First Encounters: Relationship-Based Teaching

Brian Oger

Brian Oger

One year, I lost a student on the first day of school.

Now, that sentence could be interpreted a number of different ways. I didn’t actually lose him, as in “left him on a mountain after a ski trip” (that was one of my colleagues) or “can’t find him after a field trip to the aquarium” (that was me, but he was on the bus the whole time). I lost him because I prioritized the wrong thing the first time we spoke.

Harper was in my Grade 6 class and was sitting at his desk, having scrawled something barely legible on a paper during a beginning-of-the-year writing exercise. I have no idea what I was asking the students to write, but I remember looking at his paper and thinking, “Wow, that’s the worst handwriting I’ve ever seen.” I said something that I thought was gently corrective, like, “Oh, thanks for writing that. Maybe writing a little more neatly is something we can work on this year.” Well, he gave me a look that was somewhere between, “Who are you to tell me what to do?” and “Now you must die.” 

I never reestablished rapport with Harper for the rest of the year. I lost him on day one. 

Now, a lot of that may be on Harper and not on me, but I wonder how different his Grade 6 year would have been if we had started on a better note.

First encounters

Our first encounters with students are absolutely vital to establishing a trusting relationship with them. Every encounter we have with them has the potential to make or break our relationship, but the first ones are the most vital. As their teachers, regardless of what grade level they are, and regardless of whether we are teaching them face-to-face, online, or in a blended program, they need to know that we are with them and for them.

To use two different positional metaphors, they need to know that we are on their side and that we have their back.

I stopped teaching Grade 6 quite a while ago, but that first day with Harper still informs my practice. In my blended classes, the first day of face-to-face class is vital: I want to look every one of my students in the eye and smile at them. I want them to know that I know their name before 9:00am. I want to know something about them that I can ask them about down the road. And by the end of the day, I want them to think, even if they don’t put words to it, “Okay, I think my teacher cares about me.”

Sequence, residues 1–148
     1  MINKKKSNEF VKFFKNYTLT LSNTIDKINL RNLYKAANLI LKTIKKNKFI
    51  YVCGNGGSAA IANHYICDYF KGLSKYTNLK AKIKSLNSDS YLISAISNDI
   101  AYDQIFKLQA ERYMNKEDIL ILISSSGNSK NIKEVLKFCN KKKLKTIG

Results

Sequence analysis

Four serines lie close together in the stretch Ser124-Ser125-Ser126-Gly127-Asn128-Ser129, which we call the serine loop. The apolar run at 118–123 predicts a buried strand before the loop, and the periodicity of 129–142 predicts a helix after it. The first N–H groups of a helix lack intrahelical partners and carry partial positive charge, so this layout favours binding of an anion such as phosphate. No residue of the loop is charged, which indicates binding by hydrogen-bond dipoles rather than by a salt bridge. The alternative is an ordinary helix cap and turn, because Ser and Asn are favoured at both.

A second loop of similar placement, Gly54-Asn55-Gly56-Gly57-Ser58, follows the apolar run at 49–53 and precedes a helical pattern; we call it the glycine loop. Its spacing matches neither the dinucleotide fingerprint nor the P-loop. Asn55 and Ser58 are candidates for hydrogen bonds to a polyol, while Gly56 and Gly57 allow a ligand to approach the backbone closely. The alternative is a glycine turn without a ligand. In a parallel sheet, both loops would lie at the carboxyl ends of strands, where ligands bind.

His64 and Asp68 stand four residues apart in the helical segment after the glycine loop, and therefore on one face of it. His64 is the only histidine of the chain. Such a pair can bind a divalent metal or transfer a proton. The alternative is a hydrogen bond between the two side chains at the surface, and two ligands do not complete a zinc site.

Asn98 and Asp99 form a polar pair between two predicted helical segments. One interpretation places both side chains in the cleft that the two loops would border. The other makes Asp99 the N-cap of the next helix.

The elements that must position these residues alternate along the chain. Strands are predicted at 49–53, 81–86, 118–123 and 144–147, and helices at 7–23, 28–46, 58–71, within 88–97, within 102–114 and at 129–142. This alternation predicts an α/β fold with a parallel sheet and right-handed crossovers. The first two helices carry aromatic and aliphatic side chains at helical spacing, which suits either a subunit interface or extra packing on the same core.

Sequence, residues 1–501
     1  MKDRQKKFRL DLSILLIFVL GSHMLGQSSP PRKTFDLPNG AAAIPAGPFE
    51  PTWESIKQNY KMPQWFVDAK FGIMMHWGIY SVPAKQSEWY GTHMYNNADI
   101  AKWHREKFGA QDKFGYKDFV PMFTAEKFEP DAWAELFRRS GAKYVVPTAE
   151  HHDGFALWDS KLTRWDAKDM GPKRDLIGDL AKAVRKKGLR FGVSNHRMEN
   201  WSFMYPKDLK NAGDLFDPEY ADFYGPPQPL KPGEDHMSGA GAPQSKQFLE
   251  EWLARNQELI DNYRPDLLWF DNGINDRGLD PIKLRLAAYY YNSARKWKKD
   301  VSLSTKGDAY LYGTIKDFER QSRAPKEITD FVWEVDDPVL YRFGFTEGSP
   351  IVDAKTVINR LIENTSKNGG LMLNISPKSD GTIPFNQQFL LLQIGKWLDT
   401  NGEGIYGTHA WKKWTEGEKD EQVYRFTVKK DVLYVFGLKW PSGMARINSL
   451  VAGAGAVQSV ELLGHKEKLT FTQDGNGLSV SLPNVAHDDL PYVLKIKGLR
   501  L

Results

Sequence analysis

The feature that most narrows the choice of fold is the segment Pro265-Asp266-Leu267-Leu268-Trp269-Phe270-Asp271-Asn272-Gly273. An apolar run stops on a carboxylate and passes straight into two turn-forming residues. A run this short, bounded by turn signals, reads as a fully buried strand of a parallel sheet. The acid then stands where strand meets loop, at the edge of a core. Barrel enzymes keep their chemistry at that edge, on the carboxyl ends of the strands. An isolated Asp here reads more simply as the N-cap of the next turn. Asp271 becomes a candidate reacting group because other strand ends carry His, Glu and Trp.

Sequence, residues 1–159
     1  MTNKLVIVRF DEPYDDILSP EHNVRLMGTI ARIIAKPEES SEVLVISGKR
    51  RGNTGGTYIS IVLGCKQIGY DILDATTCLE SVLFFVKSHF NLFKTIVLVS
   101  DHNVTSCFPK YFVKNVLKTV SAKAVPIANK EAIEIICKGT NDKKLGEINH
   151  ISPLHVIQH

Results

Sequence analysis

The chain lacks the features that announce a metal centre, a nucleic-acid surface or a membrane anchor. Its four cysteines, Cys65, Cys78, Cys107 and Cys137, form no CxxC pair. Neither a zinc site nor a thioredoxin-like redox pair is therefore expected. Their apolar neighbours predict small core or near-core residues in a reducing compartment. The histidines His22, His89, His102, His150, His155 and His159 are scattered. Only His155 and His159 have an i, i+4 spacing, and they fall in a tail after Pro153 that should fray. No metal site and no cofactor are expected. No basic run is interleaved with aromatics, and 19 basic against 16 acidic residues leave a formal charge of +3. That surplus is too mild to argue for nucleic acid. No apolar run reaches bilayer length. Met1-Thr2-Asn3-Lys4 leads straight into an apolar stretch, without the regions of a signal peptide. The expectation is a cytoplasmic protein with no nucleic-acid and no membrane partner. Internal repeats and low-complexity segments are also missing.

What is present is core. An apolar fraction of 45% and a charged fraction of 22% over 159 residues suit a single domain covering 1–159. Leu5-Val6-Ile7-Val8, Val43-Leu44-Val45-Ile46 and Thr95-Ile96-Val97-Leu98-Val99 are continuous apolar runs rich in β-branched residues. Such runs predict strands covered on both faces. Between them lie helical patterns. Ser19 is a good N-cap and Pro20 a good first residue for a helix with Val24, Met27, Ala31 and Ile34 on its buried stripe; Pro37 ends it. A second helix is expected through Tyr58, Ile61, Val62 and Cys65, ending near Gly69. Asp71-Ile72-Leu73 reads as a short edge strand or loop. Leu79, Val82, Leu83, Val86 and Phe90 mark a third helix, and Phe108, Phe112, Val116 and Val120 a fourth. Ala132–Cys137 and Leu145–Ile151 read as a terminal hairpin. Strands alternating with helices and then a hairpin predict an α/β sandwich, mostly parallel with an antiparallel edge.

Research backs this approach up as well. The Thomas A. Fordham Institute says this:

Feeling safe and valued is vital to a child’s development. Learning suffers when students fear for their safety, worry about being bullied, or don’t sense their teachers have high expectations for their success. In a healthy, supportive climate, students are engaged and take intellectual risks. They follow well-established rules and norms for behavior that their teachers and school leaders model and maintain. Such a community is characterized by positive relationships between teachers and students, a place where genuine respect is the norm, and where all students feel they belong.

Safe spaces online

As an online teacher, I have found making these initial connections more difficult. Establishing rapport as an online teacher is tricky, and I wonder if one of the reasons that it is so much more difficult to build relationships with online students is that my first encounter with them is like my first encounter with Harper, rather than like my first encounters with students in my blended classroom. The first time my online students hear something from me, too often it is me marking their first assignment. I might think I am being gently corrective and encouraging, but perhaps what they really feel is that they are being judged.